Disabilities

Cripple Yourself While in Prison for Child Rape, Rake in the Americans with Disabilities Act Bucks

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This from the L.A. Weekly is a couple of weeks old but only came to my attention today, an interesting story about a man in a wheelchair who has sued Los Angeles businesses nearly 1,000 times for violations of the Americans with Disabilities Act.

Some details. Jon Carpenter had been a Sunday school teacher in Utah arrested for sexual abuse of a minor in incidents involving two 8-year-old girls. Then:

the day after he was sentenced in 1989, according to jail reports, Carpenter stood atop his bunk bed and dove head-first into the concrete floor. When a guard later asked if he'd jumped intentionally, Carpenter replied, "Yes, I did, it's better than being in this place for six months."

Two days later, the state of Utah informed Judge George E. Ballif that Carpenter was a permanent quadriplegic and asked that Ballif "suspend execution of the sentence until such time as the defendant has achieved medical stability," arguing that "further incarceration or therapy in this matter would serve little purpose and in any event is not appropriate at the present time."

So the wheelchair-bound Carpenter moved to Los Angeles and starting filing Americans with Disabilities Act lawsuits, nearly a thousand so far in L.A. County alone, 257 in 2012 alone.

According to David Peters, who heads Lawyers Against Lawsuit Abuse, Carpenter has sued 94 pharmacies for everything from steep ramps and failure to remodel access areas to lack of Braille or hearing-assistance technology for the blind and deaf.

Carpenter's hearing and vision, Peters says, were perfectly fine.

California is a rare state that lets people who allege an ADA violation personally win pots of cash in court — $4,000 minimum per violation, plus attorney's fees, which can reach tens of thousands of dollars.

Small businesses can be sued if the paper towel dispenser in the bathroom is too high; the customer counter is too tall; aisles are too narrow; or the grade of their wheelchair ramp is steeper than 3 percent.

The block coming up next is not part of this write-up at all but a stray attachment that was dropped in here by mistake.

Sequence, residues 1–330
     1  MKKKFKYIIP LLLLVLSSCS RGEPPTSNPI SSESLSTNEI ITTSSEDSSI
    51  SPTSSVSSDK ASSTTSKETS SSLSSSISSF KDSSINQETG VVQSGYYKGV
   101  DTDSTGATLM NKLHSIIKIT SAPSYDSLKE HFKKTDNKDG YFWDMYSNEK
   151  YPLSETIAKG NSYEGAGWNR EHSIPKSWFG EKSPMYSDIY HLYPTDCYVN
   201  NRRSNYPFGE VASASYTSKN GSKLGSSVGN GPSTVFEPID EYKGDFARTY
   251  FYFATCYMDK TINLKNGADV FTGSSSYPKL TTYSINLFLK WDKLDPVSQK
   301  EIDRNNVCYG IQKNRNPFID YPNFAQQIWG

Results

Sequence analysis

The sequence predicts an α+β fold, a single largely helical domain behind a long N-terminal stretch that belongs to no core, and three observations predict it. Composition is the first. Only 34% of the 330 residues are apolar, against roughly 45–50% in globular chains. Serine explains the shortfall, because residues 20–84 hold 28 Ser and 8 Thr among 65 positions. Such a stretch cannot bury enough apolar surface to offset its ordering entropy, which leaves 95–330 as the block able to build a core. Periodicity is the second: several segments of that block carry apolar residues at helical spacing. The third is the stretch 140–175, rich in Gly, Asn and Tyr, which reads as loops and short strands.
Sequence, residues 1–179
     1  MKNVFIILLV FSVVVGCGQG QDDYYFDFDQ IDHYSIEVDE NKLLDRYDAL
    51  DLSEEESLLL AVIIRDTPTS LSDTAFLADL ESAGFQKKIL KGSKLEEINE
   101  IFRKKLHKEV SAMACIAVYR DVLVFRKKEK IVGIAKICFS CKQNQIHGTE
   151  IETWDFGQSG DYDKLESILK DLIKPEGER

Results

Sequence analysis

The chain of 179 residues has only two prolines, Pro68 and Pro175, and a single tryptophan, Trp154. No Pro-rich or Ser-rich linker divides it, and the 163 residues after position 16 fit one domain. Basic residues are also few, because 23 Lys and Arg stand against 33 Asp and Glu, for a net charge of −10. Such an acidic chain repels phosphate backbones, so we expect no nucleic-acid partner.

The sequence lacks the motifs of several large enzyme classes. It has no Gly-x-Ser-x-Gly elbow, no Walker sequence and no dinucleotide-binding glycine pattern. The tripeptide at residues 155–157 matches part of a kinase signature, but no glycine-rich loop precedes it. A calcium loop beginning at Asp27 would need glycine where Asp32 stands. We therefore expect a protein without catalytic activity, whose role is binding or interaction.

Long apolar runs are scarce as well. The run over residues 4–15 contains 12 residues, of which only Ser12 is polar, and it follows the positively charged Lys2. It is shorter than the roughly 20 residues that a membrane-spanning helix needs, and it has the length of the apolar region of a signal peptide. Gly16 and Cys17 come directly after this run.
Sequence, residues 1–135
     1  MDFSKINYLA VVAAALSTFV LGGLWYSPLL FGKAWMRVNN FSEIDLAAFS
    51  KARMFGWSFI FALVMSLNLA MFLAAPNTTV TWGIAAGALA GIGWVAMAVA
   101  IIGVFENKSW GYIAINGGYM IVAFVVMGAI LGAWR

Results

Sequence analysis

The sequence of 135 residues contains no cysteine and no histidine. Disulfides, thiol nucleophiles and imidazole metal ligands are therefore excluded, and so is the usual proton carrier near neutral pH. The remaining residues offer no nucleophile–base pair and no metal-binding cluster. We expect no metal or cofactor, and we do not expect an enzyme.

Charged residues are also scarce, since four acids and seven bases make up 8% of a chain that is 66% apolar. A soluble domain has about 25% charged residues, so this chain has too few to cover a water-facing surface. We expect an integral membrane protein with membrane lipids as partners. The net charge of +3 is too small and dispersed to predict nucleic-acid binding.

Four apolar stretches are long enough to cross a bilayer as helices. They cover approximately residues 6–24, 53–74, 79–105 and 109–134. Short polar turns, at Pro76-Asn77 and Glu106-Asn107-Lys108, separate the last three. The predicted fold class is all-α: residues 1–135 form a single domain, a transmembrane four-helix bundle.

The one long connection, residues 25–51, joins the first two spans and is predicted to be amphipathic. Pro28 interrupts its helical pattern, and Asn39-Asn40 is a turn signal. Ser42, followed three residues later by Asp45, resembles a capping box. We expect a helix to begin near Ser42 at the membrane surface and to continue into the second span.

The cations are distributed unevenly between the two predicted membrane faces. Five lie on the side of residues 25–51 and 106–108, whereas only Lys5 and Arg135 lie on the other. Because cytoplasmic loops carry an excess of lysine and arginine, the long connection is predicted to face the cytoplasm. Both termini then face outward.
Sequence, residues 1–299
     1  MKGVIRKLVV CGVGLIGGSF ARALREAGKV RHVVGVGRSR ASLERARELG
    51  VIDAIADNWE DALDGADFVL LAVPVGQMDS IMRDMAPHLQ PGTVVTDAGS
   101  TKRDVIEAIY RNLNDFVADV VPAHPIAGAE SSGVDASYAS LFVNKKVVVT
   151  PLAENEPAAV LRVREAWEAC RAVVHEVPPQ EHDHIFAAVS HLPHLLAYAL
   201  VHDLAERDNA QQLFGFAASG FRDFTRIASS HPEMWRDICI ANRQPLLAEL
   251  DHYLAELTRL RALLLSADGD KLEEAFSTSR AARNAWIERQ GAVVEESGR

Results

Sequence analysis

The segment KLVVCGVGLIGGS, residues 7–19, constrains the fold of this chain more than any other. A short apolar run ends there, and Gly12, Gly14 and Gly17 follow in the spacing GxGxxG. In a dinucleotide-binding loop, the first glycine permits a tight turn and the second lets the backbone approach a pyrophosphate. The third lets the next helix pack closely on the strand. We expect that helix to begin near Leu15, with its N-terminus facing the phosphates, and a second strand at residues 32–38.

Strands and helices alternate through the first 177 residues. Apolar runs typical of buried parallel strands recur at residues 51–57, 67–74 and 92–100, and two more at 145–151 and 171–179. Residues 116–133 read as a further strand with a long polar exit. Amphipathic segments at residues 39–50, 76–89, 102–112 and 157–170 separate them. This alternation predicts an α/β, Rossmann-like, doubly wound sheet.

But in California, defense attorney James Link says, those regulations run about 435 pages. "I had one case where the coat hook in the men's accessible stall at a P.F. Chang's was too high."….

"California is the only jurisdiction on the planet that has minimum financial damages for claims of this nature," Peters says, referring to the $4,000 floor. He estimates that 42 percent or more of the nation's ADA lawsuits are filed in California. "There are lawyers who have moved from other states just to file these lawsuits here," he says. "It's more profitable than [selling] narcotics."

According to Link, more than 3,000 ADA lawsuits were filed in L.A. County in the last three years — more than 1,700 of them by attorneys Morse Mehrban of L.A. and Mark Potter of San Diego's Center for Disability Access.

"I stand by every case," Potter says via email. "This is an important federal civil right that we are talking about."

Link scoffs. "If you're trying to clean up the stores and restaurants that you frequent, that's one thing. But if you are going to 1,000 different businesses … that's just trolling." (Mehrban, who didn't respond to the Weekly's calls, this year told ABC 7 News, "Isn't every lawsuit technically extortion?")

Technically! Carpenter's M.O.:

Carpenter and his current attorney, Potter, almost always target mini-malls or small businesses, which must create parking spots for special vans like the one he drives. They also must provide parking lot space for a wheelchair to be lowered, and special signage. Get a detail wrong — even the color of the sign — and Carpenter can sue for $4,000 and up.

"We didn't know that we needed a parking spot for a van," says Avi Hadid, owner of a mini-mall at Western Avenue and Washington Boulevard. He settled with the convicted child abuser for $10,000 — cheaper than hiring a lawyer. A friend of Hadid's, who owns a gas station, also was sued by Carpenter. "They say they're going to pay," Hadid says. "I'm sure he made so much money from that, this guy."

My 1995 Reason cover feature on the ADA's ability to gin up lawsuit money for nuisances while doing little to help those unable to walk, see, or hear (the people most in need of the costly adjustments that ADA often demands).